Some players throw "fastball" style which uses more of a hard chopping motion to send the ball in a more direct line toward the intended target cup. A fastball shot may be favorable if house rules dictate that a cup knocked over is removed from the table, in which case a fastball can eliminate multiple cups if thrown hard enough.
A bounce shot is performed by bouncing the ball towards the cups. Depending on house rules, if the other team has the opportunity to swat away a bounced ball, a bounce shot may be worth more than one cup.
Winning the game
If a team makes their last cup, the other team loses unless they can make all of their remaining cups; this is called a rebuttal or redemption. If the losing team can hit their redemption shots, then the game is forced into overtime where three cups are used instead of the normal ten cups.
Another 'house rule' can be stated before or during the game in the midst of a shutout. A shutout in beer pong occurs if one team makes all ten of their cups and the opposite team makes none of their cups. If the shutout does occur, the losing team must do whatever the two teams decided on, such as going streaking (naked lap) or drinking a large quantity of beer.
Also depending on 'house rules', there are other ways to end the game. Cups that were accidentally left in the rack after being made are known as death/kill cups. These cups will immediately end the game if made again.
The game may have several associated health risks. As with any activity involving alcohol, beer pong may cause players to become drunken or even intoxicated enough to suffer alcohol poisoning. Also, the supposed cleaning effects of the water "dunk" cup may be offset by bacteria in the cups.
Some municipalities and states have attempted to ban beer pong, either from bars or in general, due to the belief that it encourages binge drinking (see Health Effects above). In Oxford, Ohio, where Miami University is located, the city council tried to ban the game from being played outdoors. In Arlington, Virginia and Champaign-Urbana, Illinois, bar owners were told to stop allowing the game to be played in their establishments. In the fall of 2007, Georgetown University officially banned all beer pong paraphernalia such as custom-built tables and the possession of many ping-pong balls.
In many states, players have taken to placing water in cups in order to hold organized beer pong tournaments legally in bars. Some examples of this can be found in Michigan, Massachusetts, North Carolina, and Pennsylvania.
Tournaments and leagues
Beer pong tournaments are held in the United States at the local, regional, and national levels.
The World Series of Beer Pong (WSOBP) is the largest beer pong tournament in the world. WSOBP IV, held in January 2009 at the Flamingo Hotel and Casino in Las Vegas, Nevada, had a $50,000 grand prize and over 800 participants from the US and Canada. WSOBP V, held in January 2010, had over 1,000 participants including teams from Ireland, Scotland, Germany and Japan. The World Beer Pong Tour has stops in various cities and cash prizes as well.
A more common organization of beer pong games are leagues which operate on a local or regional level. Ordinarily, a group of pong enthusiasts will create teams (partnerships) and play weekly against each other. Sometimes, the leagues have websites, rankings and statistics, while others have been started by college students with the goal of intramural competition such as at University of California, Santa Barbara with the "Isla Vista Beer Pong League", and at New York University.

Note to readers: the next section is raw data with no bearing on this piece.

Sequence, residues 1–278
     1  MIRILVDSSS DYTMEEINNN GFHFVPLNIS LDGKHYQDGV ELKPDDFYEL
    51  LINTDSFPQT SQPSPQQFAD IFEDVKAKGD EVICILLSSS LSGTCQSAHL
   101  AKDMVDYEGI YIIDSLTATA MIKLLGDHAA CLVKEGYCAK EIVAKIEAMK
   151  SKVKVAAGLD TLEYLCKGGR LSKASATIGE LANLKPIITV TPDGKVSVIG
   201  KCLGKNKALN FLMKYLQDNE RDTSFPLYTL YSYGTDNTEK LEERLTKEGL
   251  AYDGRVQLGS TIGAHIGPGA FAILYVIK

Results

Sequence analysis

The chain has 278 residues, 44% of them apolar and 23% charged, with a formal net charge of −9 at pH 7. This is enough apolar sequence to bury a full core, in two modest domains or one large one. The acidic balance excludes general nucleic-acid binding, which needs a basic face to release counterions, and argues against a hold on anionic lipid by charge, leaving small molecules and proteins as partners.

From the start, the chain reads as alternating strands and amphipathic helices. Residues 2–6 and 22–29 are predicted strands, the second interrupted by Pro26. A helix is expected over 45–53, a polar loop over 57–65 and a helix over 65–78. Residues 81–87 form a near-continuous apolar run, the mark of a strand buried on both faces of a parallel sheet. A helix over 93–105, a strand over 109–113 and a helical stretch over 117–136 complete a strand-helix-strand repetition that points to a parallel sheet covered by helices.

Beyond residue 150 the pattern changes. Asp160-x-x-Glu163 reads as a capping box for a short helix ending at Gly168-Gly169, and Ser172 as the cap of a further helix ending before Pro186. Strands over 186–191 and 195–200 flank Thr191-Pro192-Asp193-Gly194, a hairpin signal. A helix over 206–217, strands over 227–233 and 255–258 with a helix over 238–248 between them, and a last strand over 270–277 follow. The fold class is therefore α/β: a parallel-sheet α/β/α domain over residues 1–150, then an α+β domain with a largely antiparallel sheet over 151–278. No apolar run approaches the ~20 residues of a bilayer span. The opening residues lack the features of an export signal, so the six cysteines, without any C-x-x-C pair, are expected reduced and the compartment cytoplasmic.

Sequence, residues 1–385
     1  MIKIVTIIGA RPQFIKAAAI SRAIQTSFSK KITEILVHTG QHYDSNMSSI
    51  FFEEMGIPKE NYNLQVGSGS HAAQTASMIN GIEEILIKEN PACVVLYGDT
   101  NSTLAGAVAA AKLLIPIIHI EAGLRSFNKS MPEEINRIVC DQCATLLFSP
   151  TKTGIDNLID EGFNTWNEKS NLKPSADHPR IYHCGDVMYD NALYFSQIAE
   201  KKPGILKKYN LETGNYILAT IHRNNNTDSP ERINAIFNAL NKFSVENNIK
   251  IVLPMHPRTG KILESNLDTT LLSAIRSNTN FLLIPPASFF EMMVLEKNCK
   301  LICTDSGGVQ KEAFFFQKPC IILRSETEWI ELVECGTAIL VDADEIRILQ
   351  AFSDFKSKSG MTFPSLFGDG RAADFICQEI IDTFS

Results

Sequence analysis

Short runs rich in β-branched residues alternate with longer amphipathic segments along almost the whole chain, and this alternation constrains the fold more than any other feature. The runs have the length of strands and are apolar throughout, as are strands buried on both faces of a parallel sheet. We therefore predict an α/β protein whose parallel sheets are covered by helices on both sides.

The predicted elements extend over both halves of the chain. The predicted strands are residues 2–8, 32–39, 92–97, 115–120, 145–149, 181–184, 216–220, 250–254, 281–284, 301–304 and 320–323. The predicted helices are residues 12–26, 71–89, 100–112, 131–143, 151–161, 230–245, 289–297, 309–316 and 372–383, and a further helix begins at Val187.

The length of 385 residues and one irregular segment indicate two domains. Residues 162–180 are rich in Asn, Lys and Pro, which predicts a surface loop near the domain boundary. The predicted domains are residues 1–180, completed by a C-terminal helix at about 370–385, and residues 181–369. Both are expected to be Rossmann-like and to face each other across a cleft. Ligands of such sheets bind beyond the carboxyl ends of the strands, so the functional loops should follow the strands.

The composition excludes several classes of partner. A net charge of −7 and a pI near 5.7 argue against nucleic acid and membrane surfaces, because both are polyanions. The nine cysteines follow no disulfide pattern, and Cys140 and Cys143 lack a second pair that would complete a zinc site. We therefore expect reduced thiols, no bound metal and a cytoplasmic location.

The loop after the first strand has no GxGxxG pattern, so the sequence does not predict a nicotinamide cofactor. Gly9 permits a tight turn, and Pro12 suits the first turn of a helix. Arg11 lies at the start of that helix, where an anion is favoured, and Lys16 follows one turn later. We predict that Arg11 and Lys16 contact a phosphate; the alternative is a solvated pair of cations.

The Wall Street Journal, Time and other media outlets have reported on the increase in businesses selling beer pong paraphernalia, such as tables, mats, cups, or clothes. Last Cup: Road to the World Series of Beer Pong is a documentary which follows some competitive players as they prepare for the WSOBP II and ultimately compete against one another for the $20,000 grand prize. This documentary, directed by Dan Lindsay, premiered at the CineVegas film festival on June 13, 2008. Rick Reilly wrote an entire column about The World Series of Beer Pong IV for ESPN The Magazine.
Time magazine recently had an article on the popularity of beer pong and posted a video on their website. In both, players claimed beer pong was a sport, rather than a game—similar to billiards and darts.
The game has been a recurring segment on Late Night with Jimmy Fallon, with host Fallon playing against female celebrity guests such as Betty White, Serena Williams, Anna Kournikova, Charlize Theron and Jessica Alba.
Road Trip: Beer Pong, a sequel to the 2000 comedy Road Trip, featured the game prominently. Agnes Scott College, where most of the movie was filmed, did not want to be listed in the credits after complaints from students.
Bud pong was the branded version of beer pong that brewer Anheuser-Busch said involved the drinking of water, not Budweiser or any other beer. In the summer of 2005, the company began marketing "bud pong" kits to its distributors. Francine I. Katz, vice president for communications and consumer affairs, was reported in The New York Times as saying that bud pong was not intended for underage drinkers because promotions were held in bars, not on campuses. And it did not promote binge drinking, she said, because official rules call for water to be used, not beer.
The New York Times quoted a bartender at a club near Clemson University as saying she had worked at several bud pong events and had "never seen anyone playing with water. It's always beer. It's just like any other beer pong."
Some expressed incredulity at Anheuser-Busch's public statements. Henry Wechsler, director of the College Alcohol Study at the Harvard School of Public Health, said: "Why would alcohol companies promote games that involve drinking water? It's preposterous," while advertising news site Adjab opined that "someone playing bud pong with water is about as likely as a teenage kid using the rolling paper he bought at the convenience store to smoke tobacco."
However, the practice of playing with water has become increasingly common on college campuses, due to the cost saving effects. Instead of drinking the beer from a glass each time a player sinks a shot, the player simply takes a shot of liquor or a sip from their own drink each time the opposing team scores. This is usually done when there isn't enough beer to accommodate a large number of games during the party.